There are certain artists that push your thoughts the minute you set eyes on their work. These artists  capture our emotions, fleeting thoughts and take us outside of ourselves. Such is the work of Canadian artist. King King. Through her hyperrealistic art she has made it her mission to show the younger generations that a career in art is obtainable.

“My work is about breaking molds and preconceived notions about women in art, and art in general”, says Kit King. Sticking to the pursuits of passion despite the difficulty of life’s obstacles is what makes Kit King an ArtLeadHER.  King has used her divine feminine talent to touch the lives of thousands and has even combined her skills with her husband. Her personal mantra is “paint for the process, not for the outcome.”

In our intimate interview, Kit King discusses working with her husband, living with agoraphobia and more.

We learned that your dad was your biggest art influence as a kid. What was your first memory of your dads art portfolio?

I remember going through a body of work that he created that surrounded the male form in various warrior stances. I remember thinking how real, yet unreal they were. Every muscle was anatomically accurate, yet they weren’t someone you’d see in everyday life. His work had a way of transporting you to another realm. It was then that I remember thinking that I wanted to do that too.

When do you think the most significant shift happened in your work?

Honestly I think I’m currently in middle of the most significant shift my art has seen. My previous works were driven and created through despair and angst, and more recently I’ve noticed I no longer create as a means to escape the negative feelings, but rather I paint because it fills me with positive ones. This is causing a very natural shift in the evolution of my work. In the past, my paintings were reflections of struggle with my personal demons. My most recent paintings have sort of been me documenting my journey as I come to terms with my personal struggles, and finding a way to work with them, accept them, and embrace them. Essentially I’m letting go of the “woe is me”, and taking control over the things that have had control over me (for the better part of the last decade), the best way I know how.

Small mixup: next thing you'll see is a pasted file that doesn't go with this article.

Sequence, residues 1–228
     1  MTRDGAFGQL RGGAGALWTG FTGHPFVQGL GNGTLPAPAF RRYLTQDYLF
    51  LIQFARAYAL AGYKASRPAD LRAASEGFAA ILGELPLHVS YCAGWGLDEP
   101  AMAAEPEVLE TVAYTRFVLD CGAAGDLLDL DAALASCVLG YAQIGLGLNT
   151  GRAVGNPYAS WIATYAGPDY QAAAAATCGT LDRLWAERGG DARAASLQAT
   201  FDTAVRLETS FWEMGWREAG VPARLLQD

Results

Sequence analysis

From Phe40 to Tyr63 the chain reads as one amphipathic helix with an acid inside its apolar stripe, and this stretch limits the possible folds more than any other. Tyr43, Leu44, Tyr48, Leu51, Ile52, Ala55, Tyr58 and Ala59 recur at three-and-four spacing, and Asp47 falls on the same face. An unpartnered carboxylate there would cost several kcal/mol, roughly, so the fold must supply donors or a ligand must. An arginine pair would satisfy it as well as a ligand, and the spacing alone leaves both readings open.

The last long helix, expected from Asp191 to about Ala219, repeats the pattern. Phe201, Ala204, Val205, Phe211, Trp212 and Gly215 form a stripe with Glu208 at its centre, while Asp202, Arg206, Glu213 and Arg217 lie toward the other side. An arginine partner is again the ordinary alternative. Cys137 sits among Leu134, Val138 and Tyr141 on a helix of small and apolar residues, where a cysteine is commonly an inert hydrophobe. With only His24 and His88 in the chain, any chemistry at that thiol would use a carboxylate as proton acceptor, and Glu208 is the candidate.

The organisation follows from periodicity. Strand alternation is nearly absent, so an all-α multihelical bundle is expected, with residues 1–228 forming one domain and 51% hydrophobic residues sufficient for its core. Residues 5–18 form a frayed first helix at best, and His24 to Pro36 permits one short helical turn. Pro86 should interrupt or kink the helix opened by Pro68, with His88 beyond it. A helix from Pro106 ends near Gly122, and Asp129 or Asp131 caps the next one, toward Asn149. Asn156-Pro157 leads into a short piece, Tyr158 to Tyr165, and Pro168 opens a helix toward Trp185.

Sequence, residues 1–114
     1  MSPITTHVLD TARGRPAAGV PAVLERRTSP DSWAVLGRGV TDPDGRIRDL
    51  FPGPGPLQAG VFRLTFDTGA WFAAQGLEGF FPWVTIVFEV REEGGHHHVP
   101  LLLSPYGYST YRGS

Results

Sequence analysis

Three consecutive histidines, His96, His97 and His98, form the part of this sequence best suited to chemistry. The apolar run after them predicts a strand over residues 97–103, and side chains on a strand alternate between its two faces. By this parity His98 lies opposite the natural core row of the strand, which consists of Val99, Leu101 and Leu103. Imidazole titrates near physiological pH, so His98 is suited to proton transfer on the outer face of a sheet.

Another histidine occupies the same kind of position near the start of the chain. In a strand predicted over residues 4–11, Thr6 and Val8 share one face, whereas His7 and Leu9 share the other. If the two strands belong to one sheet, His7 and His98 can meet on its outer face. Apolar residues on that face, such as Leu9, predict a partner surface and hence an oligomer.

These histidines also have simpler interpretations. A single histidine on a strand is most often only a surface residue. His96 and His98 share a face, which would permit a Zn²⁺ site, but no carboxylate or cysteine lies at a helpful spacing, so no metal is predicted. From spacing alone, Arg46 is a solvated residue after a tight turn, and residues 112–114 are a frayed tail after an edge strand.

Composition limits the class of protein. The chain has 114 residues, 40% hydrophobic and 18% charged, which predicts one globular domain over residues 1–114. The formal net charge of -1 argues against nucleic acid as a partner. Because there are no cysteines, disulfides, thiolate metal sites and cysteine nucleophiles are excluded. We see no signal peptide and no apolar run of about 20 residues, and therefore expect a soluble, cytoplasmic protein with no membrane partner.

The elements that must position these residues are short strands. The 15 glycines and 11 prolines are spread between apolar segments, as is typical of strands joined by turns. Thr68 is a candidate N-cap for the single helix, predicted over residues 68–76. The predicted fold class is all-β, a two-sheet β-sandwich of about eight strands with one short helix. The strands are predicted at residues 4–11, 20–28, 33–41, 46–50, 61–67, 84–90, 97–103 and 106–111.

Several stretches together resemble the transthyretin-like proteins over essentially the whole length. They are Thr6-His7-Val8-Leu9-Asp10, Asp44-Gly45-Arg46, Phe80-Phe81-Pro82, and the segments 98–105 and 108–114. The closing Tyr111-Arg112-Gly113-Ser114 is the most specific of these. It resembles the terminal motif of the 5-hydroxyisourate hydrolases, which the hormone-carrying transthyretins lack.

We cannot always control what happens in our lives, but we can control how we choose to react to them. And I’m choosing to find peace and happiness in my circumstance. So safe to say- having been recognized as a dark arts, macabre artist, and now venturing away from that all together, it is a monumental shift for me and my work.

You’ve never been to any of your shows. What has that done for you in terms of your self reflection and the progress of your work?

I never created for others. It’s always been so selfishly done. I never paint to perfect, but always for the process. I love to learn and grow. Art for me is personal discovery first, and career second. It will always be my passion before my job (being it’s why I started). So the fact that I’ve never been to one of my exhibits only brings me down when I think of it from a career standpoint. I paint b/c I love to paint, but I am also incredibly ambitious by nature. I’m divided between this passionate artist; that doesn’t care where her paintings end up, so long as she can keep creating, and this am

How has working on collaborative art with your husband influenced your solo work?

Well when teaching him to paint, I wound up sort of teaching myself as well. I never knew why I painted things a certain way or how I knew what technique to use when, but having to break it down for someone else, forces this introspection to your own creative process. In taking that step back to look at it from the outside and break everything down in its simplest form, you find ways to reconstruct that may be more efficient, and lead to new approaches.

Aside from technically, it’s really opened me up in a grander, more personal way. Having previously only painted to escape personal pain, that’s not something you carry into a collaboration, so it opened me up to searching for new places to paint from. Painting from love- born from a shared passion- is the very antithesis of painting from my secluded angst. One is me escaping reality, where the other is me embracing it. It’s because of painting with him, and it opening me up to this change, that there is now this massive shift my work is currently undergoing.

You had 4 pieces in ArtLeadHER’s inaugural exhibit. Can you explain the creative process of each? How long did each take?

One was actually a “happy accident”. I painted this portrait of a woman all in golds, but she did not resonate with me, so with the paint that was left on my palette at the time, I took a round palette knife and carefully, one stroke at a time, covered her in multi coloured impasto petals; leaving just her eyes peeking behind the paint. She became this curious thing. This lady behind the paint- who was she?